Dealing with Difficult People – Part 1

You and I may or may not have anything in common. I like sports, you may like shopping. I like cheeseburgers, you may be a vegetarian. I like guns and you may belong to the gun haters club of America. The point is we may have something in common, but more than likely there are just as many things we don’t have in common. There is one thing we do have in common…you may expect me to say we both love Jesus. Well, I do and I hope you do to. You may also expect me to say we both love kids, but that might depend on the day. haha

The one thing I am certain we have in common is we both have to deal with difficult people. Regardless of what you do or where you do it, you have difficult people you have to deal with. And believe me, they are not going away. Just when you throw the party to celebrate the departure of that one trouble making volunteer, another one moves to town. Just when you think that unreasonable parent has moved out of the moronic stage, another takes their place. It’s a fact people; we will always have difficult people in our lives.

So what do we do? I want to share with you some techniques that have proven to be effective in dealing with difficult people.

First, I want to establish WHY it’s VITAL that we persistently and intentionally master this skill.

Reason number one – The longevity of your ministry depends on it. More than likely your ministry will be a short run if you don’t develop the skill of navigating relationships especially dealing with difficult people.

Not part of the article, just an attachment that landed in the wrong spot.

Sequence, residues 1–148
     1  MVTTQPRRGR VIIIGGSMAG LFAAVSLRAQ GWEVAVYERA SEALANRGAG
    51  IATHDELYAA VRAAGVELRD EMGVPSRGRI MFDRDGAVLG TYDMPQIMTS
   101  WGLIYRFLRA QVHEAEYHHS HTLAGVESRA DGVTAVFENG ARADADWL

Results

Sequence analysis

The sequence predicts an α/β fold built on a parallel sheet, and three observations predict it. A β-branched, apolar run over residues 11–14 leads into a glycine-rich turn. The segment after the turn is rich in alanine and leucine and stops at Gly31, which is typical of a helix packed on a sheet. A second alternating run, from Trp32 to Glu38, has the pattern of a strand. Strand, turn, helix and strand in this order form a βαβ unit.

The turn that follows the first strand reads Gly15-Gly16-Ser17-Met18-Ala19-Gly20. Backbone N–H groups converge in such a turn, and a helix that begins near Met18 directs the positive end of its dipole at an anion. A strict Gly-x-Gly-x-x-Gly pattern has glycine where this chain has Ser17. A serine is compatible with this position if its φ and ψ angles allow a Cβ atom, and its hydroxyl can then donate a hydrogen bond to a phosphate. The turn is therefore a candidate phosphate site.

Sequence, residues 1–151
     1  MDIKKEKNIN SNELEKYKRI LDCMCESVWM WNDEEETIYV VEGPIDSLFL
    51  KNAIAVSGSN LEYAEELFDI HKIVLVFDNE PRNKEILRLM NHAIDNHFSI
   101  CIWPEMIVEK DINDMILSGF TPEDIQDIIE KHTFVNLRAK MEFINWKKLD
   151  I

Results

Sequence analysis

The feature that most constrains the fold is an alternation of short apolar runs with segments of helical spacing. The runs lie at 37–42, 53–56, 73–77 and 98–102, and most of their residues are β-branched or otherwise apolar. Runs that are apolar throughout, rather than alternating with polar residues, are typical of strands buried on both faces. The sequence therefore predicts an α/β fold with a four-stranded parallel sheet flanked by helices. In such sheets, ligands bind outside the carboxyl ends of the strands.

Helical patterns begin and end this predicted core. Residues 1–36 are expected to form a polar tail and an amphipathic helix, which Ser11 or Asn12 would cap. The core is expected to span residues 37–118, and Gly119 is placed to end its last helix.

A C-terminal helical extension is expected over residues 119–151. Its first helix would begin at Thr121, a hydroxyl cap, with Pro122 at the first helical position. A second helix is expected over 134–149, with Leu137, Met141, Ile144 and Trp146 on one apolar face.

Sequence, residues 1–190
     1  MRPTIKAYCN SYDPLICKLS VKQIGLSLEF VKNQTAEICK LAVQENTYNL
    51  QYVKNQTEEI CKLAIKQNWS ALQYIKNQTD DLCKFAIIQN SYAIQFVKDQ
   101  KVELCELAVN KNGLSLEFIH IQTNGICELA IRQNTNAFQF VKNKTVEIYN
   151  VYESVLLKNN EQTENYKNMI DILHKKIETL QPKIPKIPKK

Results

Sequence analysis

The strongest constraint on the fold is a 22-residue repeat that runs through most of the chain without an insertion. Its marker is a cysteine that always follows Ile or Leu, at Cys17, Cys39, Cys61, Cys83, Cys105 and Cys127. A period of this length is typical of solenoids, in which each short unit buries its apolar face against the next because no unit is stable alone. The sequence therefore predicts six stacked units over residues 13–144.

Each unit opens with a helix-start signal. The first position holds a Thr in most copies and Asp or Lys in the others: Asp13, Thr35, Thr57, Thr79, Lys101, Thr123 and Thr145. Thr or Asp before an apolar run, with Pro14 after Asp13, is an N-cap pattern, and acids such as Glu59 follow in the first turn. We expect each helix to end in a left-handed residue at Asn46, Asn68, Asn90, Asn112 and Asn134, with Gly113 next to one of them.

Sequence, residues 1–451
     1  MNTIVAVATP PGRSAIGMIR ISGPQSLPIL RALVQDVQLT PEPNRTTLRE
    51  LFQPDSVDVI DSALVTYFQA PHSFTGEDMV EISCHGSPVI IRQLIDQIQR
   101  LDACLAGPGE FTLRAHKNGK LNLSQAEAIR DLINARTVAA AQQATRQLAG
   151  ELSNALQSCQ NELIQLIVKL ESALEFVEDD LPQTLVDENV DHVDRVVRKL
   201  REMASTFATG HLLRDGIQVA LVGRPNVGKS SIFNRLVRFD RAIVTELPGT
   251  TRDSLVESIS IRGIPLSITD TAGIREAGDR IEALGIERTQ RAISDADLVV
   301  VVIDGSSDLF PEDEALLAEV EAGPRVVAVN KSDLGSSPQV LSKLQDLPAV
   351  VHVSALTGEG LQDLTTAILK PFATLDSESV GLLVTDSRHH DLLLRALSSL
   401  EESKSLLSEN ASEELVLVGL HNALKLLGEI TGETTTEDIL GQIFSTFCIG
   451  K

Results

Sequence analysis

Look at this verse: Do your part to live in peace with everyone, as much as possible. Romans 12:18 (NLT)

When asked what he considered the most valuable skill in employees, John D. Rockefeller once replied, “The ability to get along with people!”

One of the most important skills needed to succeed in ministry is knowing how to handle troublemakers. If you learn how to deal with difficult people early on, then you’ll be able to pour more energy into ministry rather than needless conflicts.

Reason number two – Because of who you represent.

And whatever you do or say, let it be as a representative of the Lord Jesus, all the while giving thanks through him to God the Father. Colossians 3:17 (NLT)

When we deal with difficult people, we first and foremost represent our God. We also represent our Pastor, our Church and finally ourselves. We do not have the privilege of “giving people a piece of our minds” just so we can feel better. Like it or not, you and I represent more than just ourselves so we must be intentional in our approach to the difficult people in our lives.

So, with that in mind, we will examine some practical steps we can take in dealing with difficult people…tomorrow.


  1. Listening to you teach this at Orange I had a disconcerting thought… Did you use any of these techniques on me at dinner the night before?

  2. Reblogged this on Relationship Tonic.

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